Getting to Know Us: Dana White

by in Uncategorized, January 13, 2009


Some folks have been asking to know more about the voices of Healthy Eats. You can see Dana and Toby’s official credentials here, but for a glimpse into their food lives and loves, they’ve filled out a fun quiz.

First up, Dana Angelo White, dietitian and fitness extraordinaire…

You’re stranded on a desert island. What five food items do you hope are on hand?
In no particular order:
• Lemons – the juice and zest are perfect for so many things
• Brown Rice Pasta – a delicious whole grain pasta, I eat it at least once a week
• Natural peanut butter – all I want in my peanut butter is peanuts and salt, so delicious!
• Nectarines – a fruit I could never get sick of
• Any green vegetable – I eat what ever is in season so I would take whatever I could get

What’s your guiltiest indulgence?
Ice cream – I paid my way through private school and college working at Ashley’s Ice Cream in Connecticut. The most amazing homemade ice cream on the planet! I never make a trip to my hometown without picking some up.

What dish do you love to cook?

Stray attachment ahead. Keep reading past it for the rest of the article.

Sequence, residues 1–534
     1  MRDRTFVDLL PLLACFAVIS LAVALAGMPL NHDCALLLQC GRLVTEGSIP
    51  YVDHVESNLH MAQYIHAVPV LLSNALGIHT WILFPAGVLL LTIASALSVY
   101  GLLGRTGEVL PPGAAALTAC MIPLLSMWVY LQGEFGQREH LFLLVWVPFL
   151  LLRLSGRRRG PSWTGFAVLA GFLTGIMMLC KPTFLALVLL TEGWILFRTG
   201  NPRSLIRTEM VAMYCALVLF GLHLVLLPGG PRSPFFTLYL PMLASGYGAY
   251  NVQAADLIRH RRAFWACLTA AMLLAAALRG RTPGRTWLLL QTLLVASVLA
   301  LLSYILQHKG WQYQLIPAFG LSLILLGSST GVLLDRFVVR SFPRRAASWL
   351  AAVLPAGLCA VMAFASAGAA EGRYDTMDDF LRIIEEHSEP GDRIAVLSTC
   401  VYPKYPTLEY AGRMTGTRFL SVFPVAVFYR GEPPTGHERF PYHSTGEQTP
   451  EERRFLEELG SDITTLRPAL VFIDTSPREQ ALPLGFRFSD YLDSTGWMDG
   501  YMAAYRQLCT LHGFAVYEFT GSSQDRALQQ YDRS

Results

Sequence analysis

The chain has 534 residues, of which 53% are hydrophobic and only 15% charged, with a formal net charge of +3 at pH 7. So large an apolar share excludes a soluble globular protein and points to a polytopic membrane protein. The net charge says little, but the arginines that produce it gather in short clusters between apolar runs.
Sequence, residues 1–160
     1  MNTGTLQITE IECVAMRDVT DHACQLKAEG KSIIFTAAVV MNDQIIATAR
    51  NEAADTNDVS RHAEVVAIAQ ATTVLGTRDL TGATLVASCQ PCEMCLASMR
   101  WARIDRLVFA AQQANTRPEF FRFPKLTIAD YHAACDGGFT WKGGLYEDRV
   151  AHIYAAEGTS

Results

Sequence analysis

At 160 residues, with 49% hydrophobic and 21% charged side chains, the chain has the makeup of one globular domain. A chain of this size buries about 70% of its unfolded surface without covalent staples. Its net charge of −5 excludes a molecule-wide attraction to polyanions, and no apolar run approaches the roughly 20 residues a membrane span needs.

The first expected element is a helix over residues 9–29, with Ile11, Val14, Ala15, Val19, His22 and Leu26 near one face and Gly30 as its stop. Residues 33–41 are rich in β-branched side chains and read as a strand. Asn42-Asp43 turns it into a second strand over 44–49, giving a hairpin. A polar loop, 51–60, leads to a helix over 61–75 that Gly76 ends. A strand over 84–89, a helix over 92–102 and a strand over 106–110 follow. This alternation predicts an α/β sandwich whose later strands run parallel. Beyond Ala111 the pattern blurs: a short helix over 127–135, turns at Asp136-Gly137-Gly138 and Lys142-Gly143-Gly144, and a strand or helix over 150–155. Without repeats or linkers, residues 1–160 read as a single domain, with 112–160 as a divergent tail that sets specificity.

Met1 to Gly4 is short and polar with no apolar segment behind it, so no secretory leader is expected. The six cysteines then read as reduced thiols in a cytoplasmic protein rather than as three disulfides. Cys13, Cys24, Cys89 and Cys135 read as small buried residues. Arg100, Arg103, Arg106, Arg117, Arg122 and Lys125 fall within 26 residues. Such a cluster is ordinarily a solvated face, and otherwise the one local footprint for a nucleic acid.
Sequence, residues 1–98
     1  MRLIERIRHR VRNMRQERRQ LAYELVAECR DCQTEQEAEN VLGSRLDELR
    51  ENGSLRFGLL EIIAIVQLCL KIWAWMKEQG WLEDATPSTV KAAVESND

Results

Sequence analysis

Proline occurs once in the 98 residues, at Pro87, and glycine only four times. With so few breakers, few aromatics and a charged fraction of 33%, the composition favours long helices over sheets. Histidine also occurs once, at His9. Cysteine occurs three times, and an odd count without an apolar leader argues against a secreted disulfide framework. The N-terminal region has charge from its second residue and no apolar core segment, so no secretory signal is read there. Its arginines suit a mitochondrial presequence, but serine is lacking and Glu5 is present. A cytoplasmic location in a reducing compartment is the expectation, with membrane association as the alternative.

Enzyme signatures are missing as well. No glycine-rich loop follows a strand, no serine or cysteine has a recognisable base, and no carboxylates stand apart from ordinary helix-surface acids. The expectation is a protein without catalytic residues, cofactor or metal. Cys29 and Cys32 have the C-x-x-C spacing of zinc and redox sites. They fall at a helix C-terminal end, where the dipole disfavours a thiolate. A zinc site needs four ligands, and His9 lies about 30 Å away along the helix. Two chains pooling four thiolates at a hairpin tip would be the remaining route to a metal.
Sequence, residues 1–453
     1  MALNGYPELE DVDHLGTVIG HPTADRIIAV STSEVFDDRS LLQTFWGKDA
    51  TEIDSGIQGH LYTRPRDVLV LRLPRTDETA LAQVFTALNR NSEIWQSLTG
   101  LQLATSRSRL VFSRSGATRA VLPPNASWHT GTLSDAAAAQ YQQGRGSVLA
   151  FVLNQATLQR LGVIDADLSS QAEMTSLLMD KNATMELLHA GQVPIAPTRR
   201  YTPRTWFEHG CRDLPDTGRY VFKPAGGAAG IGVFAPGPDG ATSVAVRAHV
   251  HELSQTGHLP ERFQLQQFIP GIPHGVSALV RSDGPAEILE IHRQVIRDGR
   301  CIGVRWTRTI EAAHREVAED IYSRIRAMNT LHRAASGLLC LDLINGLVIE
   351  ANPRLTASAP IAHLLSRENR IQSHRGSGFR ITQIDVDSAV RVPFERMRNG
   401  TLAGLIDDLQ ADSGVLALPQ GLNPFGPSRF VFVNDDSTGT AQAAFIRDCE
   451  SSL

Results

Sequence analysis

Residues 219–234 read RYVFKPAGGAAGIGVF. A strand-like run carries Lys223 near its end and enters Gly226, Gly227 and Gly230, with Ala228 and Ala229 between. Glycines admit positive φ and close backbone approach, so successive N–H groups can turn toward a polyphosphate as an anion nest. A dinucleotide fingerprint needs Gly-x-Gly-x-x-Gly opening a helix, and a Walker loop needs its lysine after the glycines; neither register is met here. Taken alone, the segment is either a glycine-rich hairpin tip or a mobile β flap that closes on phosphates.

Stir-fry gets made quite often in our house. It’s so quick, easy and delicious. Sometimes with shrimp, sometimes with roasted tofu and whatever vegetables I have in the fridge.

What food do you always bring to a potluck party?
Ina Garten’s Szechuan Noodles

What recipe does everyone always ask you for?
My banana chocolate chip muffins. Made with soy milk, bananas, apple butter, maple syrup and just the right amount of chocolate chips, they are so yummy and good for you.

If you could have dinner with three people (from the past or present), who would they be?
1. Michael Pollan
2. Julia Child
3. Peyton Manning (quarterback for the Indianapolis Colts)

What’s one food you just can’t stand?
Processed meats – bologna, SPAM, olive loaf – yuck!

What ice cream flavor would you be?
Banana Oreo – a favorite creation from my ice cream-making days

What’s your favorite kitchen gadget or appliance?
Gadget = a microplane – perfect for grating citrus zest, cheese, garlic, nutmeg or chocolate
Appliance = a good food processor – they can chop, slice, puree. You can make everything from pesto to coleslaw to pie dough.

Favorite fruit: a three-way tie between nectarines, blood oranges and tomatoes (yes, tomatoes are a fruit)
Favorite veggie: Sweet potatoes – roasted with olive oil salt and pepper
Favorite kid-friendly dish: Mac & cheese – enough said
Favorite cookbook: The Barefoot Contessa Cookbook. This is the first of six by Ina Garten; they are all amazing, but if I had to pick one, this would be it.

Mexican or Italian?